When I agreed to work with Jones Dairy Farm on a variety of projects last year, it was because I was familiar with their products. Like many people, I grew up eating Jones breakfast sausages. In fact, when I was in high school I discovered the joy that is a fully cooked Jones sausage wrapped in a pancake — it was heavenly (and so was my teenage metabolism).
But the decision came from a place of familiarity.
Since then, I have learned that this company is so much more than just one that I grew up with. In fact, they are the sort of company worth paying attention to. Although I knew Jones was a family-owned and run company, I didn’t realize what an amazing commitment to both having a great company and a great product they had until I was recently invited to a fun event at The Culinary Institute of America in Hyde Park, NY. Jones sponsors a scholorship program there, and also provides a kitchen that feeds the students. On a recent weekend, they invited a select group of bloggers to visit and learn more about the company, the CIA and the products.
Fun Fact: This was kind of a homecoming since I grew up in the area — in fact, my cousin lived practically across the street from the CIA for many years.
After indulging in a delicious breakfast served by the Jones Dairy Farm Kitchen at the CIA, we headed off to a CIA kitchen for a morning of learning, experimentation and fun. When we got there, this display featuring many of the Jones Dairy Farm products greeted us — Oh, the bacon. Jones makes everything from the sausages I grew up on to bacon, hams and even liverwurst.
Hint: Try Jones Turkey Bacon. It’s the best I’ve ever had — and I love it, which says a lot since I generally avoid turkey bacon.
Rick Lowry, Executive Vice President for Jones Dairy Farm, spoke about both the Jones products and their commitment to creating a high quality product — using the original recipe from the 19th century. He also showed us the pork cuts that go into everything from Canadian bacon to Jones’ hams. Did you know that Canadian bacon comes from a cured tenderloin? Very interesting.
We also learned about something called white slime (remember the pink slime we all learned about a few years ago — very similar concept), which some of their competitors use to create cheaper products. It was foul to hear about and see. I’ll spare you the photos, but if you want to know more about white slime, Forbes wrote an eyeopening article on it last year.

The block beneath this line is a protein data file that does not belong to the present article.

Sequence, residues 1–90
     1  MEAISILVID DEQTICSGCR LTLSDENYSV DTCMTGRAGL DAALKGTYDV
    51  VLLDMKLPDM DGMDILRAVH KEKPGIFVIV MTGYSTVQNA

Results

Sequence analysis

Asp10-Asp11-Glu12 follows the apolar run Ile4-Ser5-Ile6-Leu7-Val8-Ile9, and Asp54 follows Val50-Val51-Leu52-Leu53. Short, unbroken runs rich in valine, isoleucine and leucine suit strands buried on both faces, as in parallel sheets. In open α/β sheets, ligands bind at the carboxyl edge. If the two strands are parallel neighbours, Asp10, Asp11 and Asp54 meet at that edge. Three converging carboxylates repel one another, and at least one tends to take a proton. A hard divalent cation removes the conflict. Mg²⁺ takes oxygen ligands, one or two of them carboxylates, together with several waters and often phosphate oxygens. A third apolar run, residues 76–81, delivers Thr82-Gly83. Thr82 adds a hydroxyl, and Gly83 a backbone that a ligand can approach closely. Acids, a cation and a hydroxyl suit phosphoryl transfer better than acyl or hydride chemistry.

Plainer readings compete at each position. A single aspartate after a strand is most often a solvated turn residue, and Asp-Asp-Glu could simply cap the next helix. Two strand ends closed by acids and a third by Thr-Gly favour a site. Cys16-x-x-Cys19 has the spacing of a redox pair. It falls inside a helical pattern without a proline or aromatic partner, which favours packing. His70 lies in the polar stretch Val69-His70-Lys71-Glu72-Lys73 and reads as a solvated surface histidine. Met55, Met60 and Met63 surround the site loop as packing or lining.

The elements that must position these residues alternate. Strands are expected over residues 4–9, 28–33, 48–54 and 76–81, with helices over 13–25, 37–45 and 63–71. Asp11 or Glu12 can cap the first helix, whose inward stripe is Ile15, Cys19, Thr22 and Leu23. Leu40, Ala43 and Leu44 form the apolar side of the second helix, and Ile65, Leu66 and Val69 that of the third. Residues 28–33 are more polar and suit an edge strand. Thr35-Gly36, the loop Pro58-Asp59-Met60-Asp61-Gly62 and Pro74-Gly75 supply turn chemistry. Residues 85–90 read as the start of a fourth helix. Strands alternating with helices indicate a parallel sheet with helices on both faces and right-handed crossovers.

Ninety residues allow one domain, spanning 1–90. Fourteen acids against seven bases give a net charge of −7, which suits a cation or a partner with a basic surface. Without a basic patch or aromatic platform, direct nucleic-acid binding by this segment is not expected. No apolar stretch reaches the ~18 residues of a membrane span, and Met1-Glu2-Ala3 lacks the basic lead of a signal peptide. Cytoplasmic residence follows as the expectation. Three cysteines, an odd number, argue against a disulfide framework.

Jones, of course, doesn’t use white slime — they firmly believe in delivering the best product they can. That’s something I can definitely get behind.
After that, we moved on to a fun CIA-run exercise. A CIA chef instructor taught us about knife skills — including the proper technique for chopping onions, carrots and more. We got in some good practice too, which excited me because I realized that I am indeed capable of julienne cuts. And yes, I totally came home and changed the way I chop.
Doing it right is so much easier.
And of course, since Jones does some amazing hams, we had to check out the different ones — and dig in a bit too. Then it was off to work on a team cooking competition. We were assigned teams and each given a basket of foods we had to use in creating a recipe or three. My team had a basket with Boston Bibb lettuce, mushrooms, Swiss chard, ricotta and pears.
We quickly put our heads together and came up with a plan.
After taking to the kitchen for an intense cooking session, we got to see what all the other teams had come up with. And oh my, there were so many amazing dishes. See those lettuce wraps in the top left? They were my favorite — the flavors were just so good together. I would love to make them at home. And the cauliflower in the lower left? Cate made that, and I want to eat it again and again. Check out her recipe for Spicy Whole Roasted Cauliflower to try it for yourself.
I loved seeing the different food perspectives that came through.
As for my team, we created two dishes — a Swiss Chard Pesto Ricotta Stuffed Mushrooms with Slab Bacon appetizer and a Boston bibb salad with pears, Scrapple croutons and a yummy warm bacon vinaigrette.
As the judges explained, it was the Scrapple croutons — the brainchild of Otis from Burnt My Fingers — that won it. They also liked that our salad included two Jones products.
We ended our visit with a tour of the CIA. We explored the learning areas, pastry wing, restaurants and more. It was so interesting to get an inside look at this amazing culinary school.
Special thanks to the Jones Dairy Farm team for an amazing day of learning and eating.
Disclosure: This is NOT a sponsored post. However, I am a brand ambassador for Jones Dairy Farm, and was invited on this trip due to my continuing relationship with them. All opinions are my own.
Sarah Walker Caron is a cookbook author, freelance writer and founder of Sarah’s Cucina Bella. She is the author of four cookbooks including The Super Easy 5-Ingredient Cookbook and One-Pot Pasta, both from Rockridge Press. A single mother to a tween and a teen, Sarah loves nightly family dinners, juicy tomatoes plucked fresh from the vine and lazy days on the beach. She also adores reading and traveling.